Basic Information about Mercury and Air Toxics Standards
Until now there have been no federal standards that require power plants to limit their emissions of toxic air pollutants like mercury, arsenic and metals - despite the availability of proven control technologies, and the more than 20 years since the 1990 Clean Air Act Amendments passed.
- These rules finalize standards to reduce air pollution from coal and oil-fired power plants under sections 111 (new source performance standards) and 112 (toxics program) of the 1990 Clean Air Act amendments.
- Emissions standards set under the toxics program are federal air pollution limits that individual facilities must meet by a set date. EPA must set emission standards for existing sources in the category that are at least as stringent as the emission reductions achieved by the average of the top 12 percent best controlled sources.
- These rules set technology-based emissions limitation standards for mercury and other toxic air pollutants, reflecting levels achieved by the best-performing sources currently in operation.
- The final rule sets standards for all hazardous air pollutants (HAPs) emitted by coal- and oil-fired electric generating units (EGUs) with a capacity of 25 megawatts or greater.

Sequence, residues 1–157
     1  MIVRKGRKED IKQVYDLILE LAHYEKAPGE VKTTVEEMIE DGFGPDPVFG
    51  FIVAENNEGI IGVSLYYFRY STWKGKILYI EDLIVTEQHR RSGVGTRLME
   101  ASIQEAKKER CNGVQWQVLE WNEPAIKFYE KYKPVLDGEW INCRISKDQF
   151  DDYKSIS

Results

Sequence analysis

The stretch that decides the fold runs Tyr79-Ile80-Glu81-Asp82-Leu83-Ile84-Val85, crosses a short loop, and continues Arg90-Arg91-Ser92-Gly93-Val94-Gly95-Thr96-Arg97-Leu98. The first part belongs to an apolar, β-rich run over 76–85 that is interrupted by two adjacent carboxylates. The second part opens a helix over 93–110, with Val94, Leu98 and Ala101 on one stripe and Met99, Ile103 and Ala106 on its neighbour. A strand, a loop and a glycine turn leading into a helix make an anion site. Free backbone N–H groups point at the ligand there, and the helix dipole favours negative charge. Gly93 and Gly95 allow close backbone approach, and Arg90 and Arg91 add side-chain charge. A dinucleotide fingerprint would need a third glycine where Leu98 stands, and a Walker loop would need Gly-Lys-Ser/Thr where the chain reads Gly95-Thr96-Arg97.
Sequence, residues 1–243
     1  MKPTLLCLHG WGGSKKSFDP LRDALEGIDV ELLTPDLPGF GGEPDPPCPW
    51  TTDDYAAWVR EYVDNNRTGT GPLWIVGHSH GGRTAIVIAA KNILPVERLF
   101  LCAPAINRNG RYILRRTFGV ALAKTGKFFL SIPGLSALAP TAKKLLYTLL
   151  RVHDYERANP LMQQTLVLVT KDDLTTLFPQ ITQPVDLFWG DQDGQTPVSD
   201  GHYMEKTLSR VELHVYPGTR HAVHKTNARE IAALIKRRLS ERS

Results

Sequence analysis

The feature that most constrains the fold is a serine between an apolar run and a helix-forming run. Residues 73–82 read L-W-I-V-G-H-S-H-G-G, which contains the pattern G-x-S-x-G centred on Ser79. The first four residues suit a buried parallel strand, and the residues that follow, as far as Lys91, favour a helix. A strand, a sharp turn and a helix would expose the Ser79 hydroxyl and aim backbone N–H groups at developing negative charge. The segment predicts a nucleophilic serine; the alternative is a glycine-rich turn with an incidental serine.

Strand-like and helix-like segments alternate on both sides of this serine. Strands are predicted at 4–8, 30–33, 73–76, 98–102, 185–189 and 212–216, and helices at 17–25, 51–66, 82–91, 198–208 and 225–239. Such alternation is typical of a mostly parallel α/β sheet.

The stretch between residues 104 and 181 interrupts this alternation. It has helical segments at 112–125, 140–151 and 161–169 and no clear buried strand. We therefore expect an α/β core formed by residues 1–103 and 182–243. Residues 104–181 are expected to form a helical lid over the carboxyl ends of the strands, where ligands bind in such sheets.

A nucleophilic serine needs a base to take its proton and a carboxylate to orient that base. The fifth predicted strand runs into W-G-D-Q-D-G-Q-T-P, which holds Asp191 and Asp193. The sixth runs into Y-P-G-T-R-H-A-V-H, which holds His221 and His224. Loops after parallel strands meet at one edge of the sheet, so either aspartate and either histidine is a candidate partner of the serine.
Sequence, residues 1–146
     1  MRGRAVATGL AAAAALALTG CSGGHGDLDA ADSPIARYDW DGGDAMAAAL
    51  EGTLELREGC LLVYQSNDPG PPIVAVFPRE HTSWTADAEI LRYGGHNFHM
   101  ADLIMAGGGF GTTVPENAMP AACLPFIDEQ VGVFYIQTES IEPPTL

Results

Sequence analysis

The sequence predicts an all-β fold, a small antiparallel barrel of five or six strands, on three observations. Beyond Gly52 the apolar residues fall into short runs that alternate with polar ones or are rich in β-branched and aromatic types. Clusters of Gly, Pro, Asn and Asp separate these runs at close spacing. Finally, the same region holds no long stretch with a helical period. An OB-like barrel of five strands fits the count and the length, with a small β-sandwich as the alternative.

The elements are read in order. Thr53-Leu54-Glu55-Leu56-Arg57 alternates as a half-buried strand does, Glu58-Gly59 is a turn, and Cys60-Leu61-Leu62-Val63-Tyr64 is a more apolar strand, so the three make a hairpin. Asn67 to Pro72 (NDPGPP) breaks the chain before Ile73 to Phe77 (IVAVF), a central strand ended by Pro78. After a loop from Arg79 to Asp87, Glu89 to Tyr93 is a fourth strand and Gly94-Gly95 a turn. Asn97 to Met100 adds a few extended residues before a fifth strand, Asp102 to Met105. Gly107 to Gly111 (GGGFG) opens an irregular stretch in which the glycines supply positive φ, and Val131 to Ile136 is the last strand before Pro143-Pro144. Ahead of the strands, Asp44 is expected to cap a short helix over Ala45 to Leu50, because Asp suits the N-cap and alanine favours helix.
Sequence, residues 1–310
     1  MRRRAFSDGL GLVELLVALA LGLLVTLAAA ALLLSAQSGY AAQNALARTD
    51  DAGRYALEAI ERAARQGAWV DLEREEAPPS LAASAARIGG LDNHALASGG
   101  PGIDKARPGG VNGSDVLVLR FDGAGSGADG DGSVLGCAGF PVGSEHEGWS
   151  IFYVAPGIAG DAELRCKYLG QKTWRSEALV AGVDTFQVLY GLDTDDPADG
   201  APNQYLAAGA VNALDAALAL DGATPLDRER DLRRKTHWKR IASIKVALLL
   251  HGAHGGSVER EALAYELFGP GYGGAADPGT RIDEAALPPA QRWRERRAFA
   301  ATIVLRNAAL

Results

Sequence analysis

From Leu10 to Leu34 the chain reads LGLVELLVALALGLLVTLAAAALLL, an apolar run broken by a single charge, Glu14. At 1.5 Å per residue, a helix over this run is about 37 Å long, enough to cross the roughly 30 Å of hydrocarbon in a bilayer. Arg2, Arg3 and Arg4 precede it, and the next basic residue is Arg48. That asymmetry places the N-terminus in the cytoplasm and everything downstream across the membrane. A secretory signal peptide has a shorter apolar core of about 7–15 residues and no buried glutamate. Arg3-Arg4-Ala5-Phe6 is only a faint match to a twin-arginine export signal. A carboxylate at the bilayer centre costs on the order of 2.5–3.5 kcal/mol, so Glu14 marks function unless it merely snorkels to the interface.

- All regulated EGUs are considered major under the final rule. EPA did not identify any size, design or engineering distinction between major and area sources.
Existing sources generally will have up to 4 years if they need it to comply with MATS.
- This includes the 3 years provided to all sources by the Clean Air Act. EPAs analysis continues to demonstrate that this will be sufficient time for most, if not all, sources to comply.
- Under the Clean Air Act, state permitting authorities can also grant an additional year as needed for technology installation. EPA expects this option to be broadly available.
- EPA issued MATS under a Consent Decree of the D.C. Court of Appeals requiring EPA to issue a proposal by March 16, 2011, and a final rule in December 16, 2011.
- In 2000, after years of study, EPA issued a scientific and legal determination that it was “appropriate and necessary” to control mercury emissions from power plants. The prior administration finalized a rule to cut mercury pollution from power plants, but the D.C. Circuit struck the rule down and required EPA to develop standards that follow the law and the science in order to protect human health and the environment.